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Holiday pay and commission – an update


A long-running case relating to holiday pay and commission has finally come to an end in the Supreme Court.


What happened?


Mr Lock was a salesman, working for British Gas. On top of his basic pay, he was paid a monthly commission, the amount of which could vary depending on his sales figures. On average, it made up about 60% of his take-home pay.


His argument was that because the holiday pay system operated by British Gas didn’t take into account the commission he would have earned, but only his basic pay, his pay was lower in the salary run that immediately followed his annual leave. Because of this, he claimed that British Gas owed him money, and he took his case to an Employment Tribunal.


A concern over a conflict with European law meant that the case went to the European Court of Justice for clarification. The court decided that Mr Lock’s commission should be included in his holiday pay.


When the case came back to the Employment Tribunal, they decided that the Working Time Regulations 1998 could be interpreted to give effect to the European Court of Justice’s decision.


This decision was backed up by an Employment Appeal Tribunal.  Unsurprisingly, British Gas appealed the decision.


Court of Appeal


The Court of Appeal dismissed British Gas’ appeal and agreed with the Tribunals and the European Court of Justice that the correct interpretation of the Working Time Regulations was that Mr Lock should receive commission in his holiday pay.

Still not satisfied, British Gas wanted to appeal against the decision but the Supreme Court did not allow the appeal to proceed.


Implications


The latest decision means that British Gas’ appeal is finally over. The case is being sent back to the Employment Tribunal to work out how much holiday pay Mr Lock should receive.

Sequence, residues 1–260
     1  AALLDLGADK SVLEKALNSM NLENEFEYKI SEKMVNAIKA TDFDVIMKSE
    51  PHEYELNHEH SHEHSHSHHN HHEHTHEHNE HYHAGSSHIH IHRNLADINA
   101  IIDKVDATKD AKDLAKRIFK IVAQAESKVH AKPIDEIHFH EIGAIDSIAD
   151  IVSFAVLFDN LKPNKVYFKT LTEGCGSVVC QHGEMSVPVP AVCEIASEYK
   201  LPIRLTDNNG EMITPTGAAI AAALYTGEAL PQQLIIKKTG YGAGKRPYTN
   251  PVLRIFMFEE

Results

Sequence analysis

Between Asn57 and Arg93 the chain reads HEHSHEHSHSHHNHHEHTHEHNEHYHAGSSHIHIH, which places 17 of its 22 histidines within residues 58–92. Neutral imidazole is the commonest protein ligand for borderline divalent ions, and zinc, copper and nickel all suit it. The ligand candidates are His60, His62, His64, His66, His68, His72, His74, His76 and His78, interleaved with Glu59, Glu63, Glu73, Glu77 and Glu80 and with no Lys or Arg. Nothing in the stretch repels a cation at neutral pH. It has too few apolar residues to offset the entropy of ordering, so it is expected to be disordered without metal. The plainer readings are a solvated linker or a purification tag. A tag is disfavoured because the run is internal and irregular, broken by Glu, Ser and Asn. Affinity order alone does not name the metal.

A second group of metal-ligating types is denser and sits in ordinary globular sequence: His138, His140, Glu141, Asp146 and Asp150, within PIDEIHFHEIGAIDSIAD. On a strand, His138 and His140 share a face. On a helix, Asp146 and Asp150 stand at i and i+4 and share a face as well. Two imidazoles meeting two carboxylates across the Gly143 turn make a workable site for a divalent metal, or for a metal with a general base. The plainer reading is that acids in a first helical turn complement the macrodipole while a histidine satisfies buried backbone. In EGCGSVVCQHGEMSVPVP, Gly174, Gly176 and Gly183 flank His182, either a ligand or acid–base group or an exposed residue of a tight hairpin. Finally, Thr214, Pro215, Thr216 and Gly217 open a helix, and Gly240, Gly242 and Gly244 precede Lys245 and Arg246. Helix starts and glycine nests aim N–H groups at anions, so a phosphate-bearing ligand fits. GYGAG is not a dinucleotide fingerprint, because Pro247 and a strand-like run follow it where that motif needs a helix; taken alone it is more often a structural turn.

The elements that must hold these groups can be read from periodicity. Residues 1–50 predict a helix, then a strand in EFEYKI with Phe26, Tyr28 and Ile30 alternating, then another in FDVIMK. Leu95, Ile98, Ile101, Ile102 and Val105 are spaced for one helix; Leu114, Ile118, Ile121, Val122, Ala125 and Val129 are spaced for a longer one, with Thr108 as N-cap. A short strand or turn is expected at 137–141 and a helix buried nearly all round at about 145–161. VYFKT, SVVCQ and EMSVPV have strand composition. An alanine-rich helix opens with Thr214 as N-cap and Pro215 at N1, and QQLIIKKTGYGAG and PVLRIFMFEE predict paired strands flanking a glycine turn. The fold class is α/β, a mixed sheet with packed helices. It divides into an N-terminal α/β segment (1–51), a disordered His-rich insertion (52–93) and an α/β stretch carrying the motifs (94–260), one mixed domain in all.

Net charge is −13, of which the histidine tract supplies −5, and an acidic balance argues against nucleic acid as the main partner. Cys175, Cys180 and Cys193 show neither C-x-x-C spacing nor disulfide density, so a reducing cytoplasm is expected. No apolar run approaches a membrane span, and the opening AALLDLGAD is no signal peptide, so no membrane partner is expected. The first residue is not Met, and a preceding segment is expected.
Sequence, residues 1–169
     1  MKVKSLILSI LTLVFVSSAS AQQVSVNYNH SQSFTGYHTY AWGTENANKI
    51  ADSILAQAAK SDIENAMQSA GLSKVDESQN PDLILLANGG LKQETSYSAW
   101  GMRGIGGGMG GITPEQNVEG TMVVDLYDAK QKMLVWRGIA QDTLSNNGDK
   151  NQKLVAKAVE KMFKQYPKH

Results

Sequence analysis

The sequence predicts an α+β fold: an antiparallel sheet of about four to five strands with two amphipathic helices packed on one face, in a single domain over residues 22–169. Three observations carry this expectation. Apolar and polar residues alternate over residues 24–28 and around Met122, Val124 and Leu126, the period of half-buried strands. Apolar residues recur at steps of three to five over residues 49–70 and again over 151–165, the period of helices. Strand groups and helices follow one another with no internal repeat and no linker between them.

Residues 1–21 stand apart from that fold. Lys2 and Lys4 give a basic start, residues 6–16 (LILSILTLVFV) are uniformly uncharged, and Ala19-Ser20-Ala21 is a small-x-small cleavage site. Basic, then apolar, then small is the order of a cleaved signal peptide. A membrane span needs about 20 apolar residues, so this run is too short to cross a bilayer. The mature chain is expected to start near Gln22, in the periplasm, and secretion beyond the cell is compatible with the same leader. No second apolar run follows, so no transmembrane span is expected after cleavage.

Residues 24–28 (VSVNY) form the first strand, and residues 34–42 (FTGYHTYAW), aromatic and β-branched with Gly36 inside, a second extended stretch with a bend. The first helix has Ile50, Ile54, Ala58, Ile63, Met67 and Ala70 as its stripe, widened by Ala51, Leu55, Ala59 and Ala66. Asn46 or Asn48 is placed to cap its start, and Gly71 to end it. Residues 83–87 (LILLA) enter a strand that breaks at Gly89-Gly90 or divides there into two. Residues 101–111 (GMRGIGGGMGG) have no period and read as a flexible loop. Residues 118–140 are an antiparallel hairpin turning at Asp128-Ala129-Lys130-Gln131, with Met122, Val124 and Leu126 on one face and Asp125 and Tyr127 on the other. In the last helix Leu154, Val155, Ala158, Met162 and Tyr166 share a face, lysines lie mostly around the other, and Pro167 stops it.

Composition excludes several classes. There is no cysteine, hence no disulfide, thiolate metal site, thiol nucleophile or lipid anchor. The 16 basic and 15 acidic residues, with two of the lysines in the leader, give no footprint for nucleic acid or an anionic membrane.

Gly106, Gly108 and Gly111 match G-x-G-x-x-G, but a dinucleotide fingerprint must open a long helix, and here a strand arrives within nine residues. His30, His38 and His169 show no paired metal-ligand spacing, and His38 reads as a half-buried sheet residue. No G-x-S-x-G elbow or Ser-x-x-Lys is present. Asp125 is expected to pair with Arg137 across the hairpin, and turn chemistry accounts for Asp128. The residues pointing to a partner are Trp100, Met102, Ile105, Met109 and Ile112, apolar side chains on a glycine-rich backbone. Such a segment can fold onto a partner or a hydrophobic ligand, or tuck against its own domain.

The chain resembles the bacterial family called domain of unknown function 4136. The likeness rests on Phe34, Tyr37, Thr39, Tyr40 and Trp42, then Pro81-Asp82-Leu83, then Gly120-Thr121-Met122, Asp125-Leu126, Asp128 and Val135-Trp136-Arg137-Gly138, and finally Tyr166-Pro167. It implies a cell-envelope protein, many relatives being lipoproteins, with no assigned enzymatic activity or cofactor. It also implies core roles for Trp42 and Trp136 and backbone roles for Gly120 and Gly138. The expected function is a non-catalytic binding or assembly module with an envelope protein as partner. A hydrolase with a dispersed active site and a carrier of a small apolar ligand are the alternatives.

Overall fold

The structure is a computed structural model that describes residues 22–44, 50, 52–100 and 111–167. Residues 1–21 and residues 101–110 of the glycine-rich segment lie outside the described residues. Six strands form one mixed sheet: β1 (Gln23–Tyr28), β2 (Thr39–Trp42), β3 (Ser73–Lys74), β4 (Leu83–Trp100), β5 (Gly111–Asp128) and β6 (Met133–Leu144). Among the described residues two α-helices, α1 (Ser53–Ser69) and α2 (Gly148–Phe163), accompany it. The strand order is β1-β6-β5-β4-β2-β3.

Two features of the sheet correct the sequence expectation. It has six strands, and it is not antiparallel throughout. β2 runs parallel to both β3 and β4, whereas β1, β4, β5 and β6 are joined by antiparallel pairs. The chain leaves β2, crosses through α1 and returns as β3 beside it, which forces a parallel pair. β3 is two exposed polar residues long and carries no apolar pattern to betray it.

Provided that British Gas does not come to an out-of-court settlement with Mr Lock before the Tribunal hearing, guidance may be forthcoming on how exactly employers should administer and calculate holiday pay in instances where the employee receives commission as part of their take-home salary.


It’s worth noting, given recent political developments, that the case revolves around European law and therefore, depending on how Brexit works out, things could change further.


However, the court judgment applies at this time and until the UK completes the process of withdrawal from the EU, UK legislation will be subject to interpretation based on European Court of Justice decisions.


What now?


The decision of the Court of Appeal means that employers now have clarification regarding commission payments along the lines of those made to Mr Lock.


Employers should calculate holiday pay with reference to the twelve-week average reference period. This means amending all calculations for holiday pay to take the twelve-week reference into account if this has not already been done.


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